One question has come up regarding the spray and vac process in hospitals: Does the indoor pressure washer aerosolize bacteria, exposing workers to potentially harmful disease, as well as propagating the spread of infectious disease to building occupants? To answer this question, Kaivac conducted a test that analyzed 17 data points in a small restroom (12' x 5.5'). In the end, all of the 17 test points showed zero (0) colony forming units (CFUs).
First, we created a fecal-urine solution to simulate the bioload typically found in a restroom. Prior to starting, we tested the solution to make sure it was active, and found a CFU count that was 'too numerous to count' (TNTC).
Second, using a mechanical sprayer to insure consistency, we applied one ounce of the fecal-urine solution in a four-square-foot area beneath the toilet as well as the urinal, and a third ounce on the seat, plus a fourth on the urinal rim.
Third, we placed 3M Aerobic Bacteria Plates around the restroom in 17 locations. The plates ranged in height from 28 inches (about waist high) to 71 inches (head level) as measured from the floor. The labeled CFU plates were placed horizontally, securing the protective layer in an open position, so as to leave the plates exposed and facing upwards.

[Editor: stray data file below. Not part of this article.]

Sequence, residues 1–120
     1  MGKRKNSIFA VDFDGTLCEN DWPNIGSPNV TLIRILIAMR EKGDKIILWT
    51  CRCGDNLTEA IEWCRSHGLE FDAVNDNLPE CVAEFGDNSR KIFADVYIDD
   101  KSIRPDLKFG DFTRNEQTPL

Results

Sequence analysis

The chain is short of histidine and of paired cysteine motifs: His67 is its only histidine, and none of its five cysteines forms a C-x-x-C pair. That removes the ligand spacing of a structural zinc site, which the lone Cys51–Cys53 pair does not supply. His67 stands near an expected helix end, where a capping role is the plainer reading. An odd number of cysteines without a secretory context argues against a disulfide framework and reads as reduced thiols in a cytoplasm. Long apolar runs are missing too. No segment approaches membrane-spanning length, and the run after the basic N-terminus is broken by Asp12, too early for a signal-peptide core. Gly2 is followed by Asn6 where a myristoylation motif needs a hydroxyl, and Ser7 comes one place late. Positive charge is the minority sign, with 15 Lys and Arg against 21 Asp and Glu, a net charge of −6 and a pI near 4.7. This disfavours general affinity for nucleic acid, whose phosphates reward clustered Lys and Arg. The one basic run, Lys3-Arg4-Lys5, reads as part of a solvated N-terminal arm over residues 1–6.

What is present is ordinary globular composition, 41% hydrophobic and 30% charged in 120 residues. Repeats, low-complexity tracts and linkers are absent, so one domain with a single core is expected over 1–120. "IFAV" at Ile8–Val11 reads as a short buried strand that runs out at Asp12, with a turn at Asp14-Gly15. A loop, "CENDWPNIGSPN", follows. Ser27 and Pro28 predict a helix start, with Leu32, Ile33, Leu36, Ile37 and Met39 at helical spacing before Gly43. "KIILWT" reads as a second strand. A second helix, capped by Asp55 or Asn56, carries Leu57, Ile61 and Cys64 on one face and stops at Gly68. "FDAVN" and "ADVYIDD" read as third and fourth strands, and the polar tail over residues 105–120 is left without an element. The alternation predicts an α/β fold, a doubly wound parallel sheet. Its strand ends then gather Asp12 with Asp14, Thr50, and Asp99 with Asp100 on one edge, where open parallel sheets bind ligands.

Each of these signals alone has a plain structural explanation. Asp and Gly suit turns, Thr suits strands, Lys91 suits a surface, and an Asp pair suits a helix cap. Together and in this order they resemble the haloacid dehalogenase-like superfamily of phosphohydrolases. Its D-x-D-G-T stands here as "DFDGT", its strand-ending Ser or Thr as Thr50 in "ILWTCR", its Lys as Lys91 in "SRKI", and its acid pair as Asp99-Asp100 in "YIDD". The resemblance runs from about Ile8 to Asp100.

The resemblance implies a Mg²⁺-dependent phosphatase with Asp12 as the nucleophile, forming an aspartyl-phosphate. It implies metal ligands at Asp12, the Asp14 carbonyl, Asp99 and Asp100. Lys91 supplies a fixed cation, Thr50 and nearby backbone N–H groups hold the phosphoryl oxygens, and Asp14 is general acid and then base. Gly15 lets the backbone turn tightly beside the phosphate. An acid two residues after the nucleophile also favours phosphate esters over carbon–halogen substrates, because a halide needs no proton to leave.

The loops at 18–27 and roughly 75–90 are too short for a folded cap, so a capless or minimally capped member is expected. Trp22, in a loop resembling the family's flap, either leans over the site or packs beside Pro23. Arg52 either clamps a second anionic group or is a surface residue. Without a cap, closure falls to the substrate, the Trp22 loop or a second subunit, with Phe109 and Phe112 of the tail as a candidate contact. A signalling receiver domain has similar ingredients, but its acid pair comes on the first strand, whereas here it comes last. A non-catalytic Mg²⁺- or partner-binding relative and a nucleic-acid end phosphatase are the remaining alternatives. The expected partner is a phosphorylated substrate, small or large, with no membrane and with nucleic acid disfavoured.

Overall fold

Fourth, we employed a Kaivac KV 2150 to clean the restroom, using a typical spray and vac cleaning procedure. The pressure washer was set at 500 psi. We used KaiSan II, a concentrated no-rinse hospital use disinfectant cleaner with a neutral pH, diluted to 2 oz. per gallon.
Fifth, we waited 30 minutes, to allow potentially aerosolized particles to settle on the plates. We then removed them and placed the protective layer in the closed position.
Sixth, we incubated the plates for 48 hours, before removing them and documenting our findings.
There was not a single CFU found on any of the 17 plates, indicating that no live bacteria were aerosolized. Several of the plates did show indications that some fluid had settled on them, but no CFU were present. This indicates that if any bacteria were aerosolized in the process, they were killed by the Kaisan II.